HumanIPO this week reported on “Bang With Friends”, a new Facebook app causing a stir because of its mission to facilitate “easy” sexual encounters among Facebook friends. Users download the app, and then indicate their sexual intentions to other users, who may respond if the feeling is mutual.
According to the anonymous developers, the app assists people in skipping the traditional preliminaries to a sexual encounter, one developer noting: “What a lot of people want is just to skip all the s*** and get to the sex”, while another explains: “It would be great, as guys, if you could find out which girls are actually into you and not dance around anything,”
However, by taking out the usual preliminary encounters before a relationship becomes sexual, the app also promotes quasi-anonymous sexual relations, as realistically speaking not all Facebook friends are personal acquaintances.
Furthermore, seeing as the app allows users to indicate sexual intentions to numerous users, the app also promotes prolific sexual behaviour, as traditional means of initiating an encounter usually slow the process down, and generally prevent the pre-scheduling of numerous partners.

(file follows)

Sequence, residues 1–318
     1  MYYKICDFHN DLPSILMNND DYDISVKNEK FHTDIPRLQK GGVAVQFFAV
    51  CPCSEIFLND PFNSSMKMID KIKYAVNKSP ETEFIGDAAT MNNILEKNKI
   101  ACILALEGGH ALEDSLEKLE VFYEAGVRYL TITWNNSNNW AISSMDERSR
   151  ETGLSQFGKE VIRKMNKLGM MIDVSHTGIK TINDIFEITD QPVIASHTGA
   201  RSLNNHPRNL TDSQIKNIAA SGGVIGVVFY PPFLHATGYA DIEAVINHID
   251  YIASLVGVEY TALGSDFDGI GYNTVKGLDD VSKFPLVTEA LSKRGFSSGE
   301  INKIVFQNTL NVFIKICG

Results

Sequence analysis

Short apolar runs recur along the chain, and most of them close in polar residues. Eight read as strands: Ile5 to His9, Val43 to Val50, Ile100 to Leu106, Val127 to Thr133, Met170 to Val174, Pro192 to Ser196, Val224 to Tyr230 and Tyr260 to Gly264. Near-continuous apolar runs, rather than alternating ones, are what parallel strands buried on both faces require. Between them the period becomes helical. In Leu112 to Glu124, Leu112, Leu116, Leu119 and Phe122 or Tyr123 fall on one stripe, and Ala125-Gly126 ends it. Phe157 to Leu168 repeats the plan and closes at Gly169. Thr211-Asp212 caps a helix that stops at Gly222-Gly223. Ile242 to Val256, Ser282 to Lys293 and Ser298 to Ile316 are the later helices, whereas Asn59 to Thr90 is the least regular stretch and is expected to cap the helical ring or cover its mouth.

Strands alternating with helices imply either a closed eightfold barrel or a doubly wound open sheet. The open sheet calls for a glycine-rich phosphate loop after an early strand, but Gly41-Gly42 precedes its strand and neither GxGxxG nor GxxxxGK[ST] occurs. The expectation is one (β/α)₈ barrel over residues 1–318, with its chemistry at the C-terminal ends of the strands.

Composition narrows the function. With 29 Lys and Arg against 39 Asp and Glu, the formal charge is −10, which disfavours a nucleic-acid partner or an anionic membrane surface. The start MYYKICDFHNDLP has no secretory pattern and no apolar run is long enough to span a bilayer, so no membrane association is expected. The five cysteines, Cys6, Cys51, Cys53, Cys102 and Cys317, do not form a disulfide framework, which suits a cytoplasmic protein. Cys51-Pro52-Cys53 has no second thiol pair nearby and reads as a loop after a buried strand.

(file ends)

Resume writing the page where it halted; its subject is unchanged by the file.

As the ongoing and deadly HIV epidemic grips the world - with researchers and activists working tirelessly to foster awareness and responsible behaviour, combat taboos, and develop treatments - it is wrong that such applications should be allowed to be downloaded by anyone with a smartphone. It entirely flies in the face of global efforts to beat HIV.
The same applies to the myriad of other sexually transmitted diseases.
The accessibility of such applications to young smartphone users is also terribly worrying. Teenagers being one of the key user groups on Facebook, app developers should have more concern for the potential reach and consequences of their products. In this case, should any application be facilitating sexual encounters among teenagers?
There is a very obvious slippery slope: will the app not also facilitate abuse of younger users, by allowing “friends” - of any age - to make sexual advances on vulnerable young people?
Individuals and organisations, including app developers, should realise the very real power that social media and mobile phones have in shaping people’s behaviour. To go further, it is important to realise that certain types of behaviour carry very heavy consequences.
It would be wise to expend more energy on addressing the very pressing sexually-related issues facing the world today - such as HIV, other sexually transmitted diseases, unwanted pregnancy, and online (youth) abuse.
And perhaps it would be best to recognise that not all human encounters need to be reduced to an app.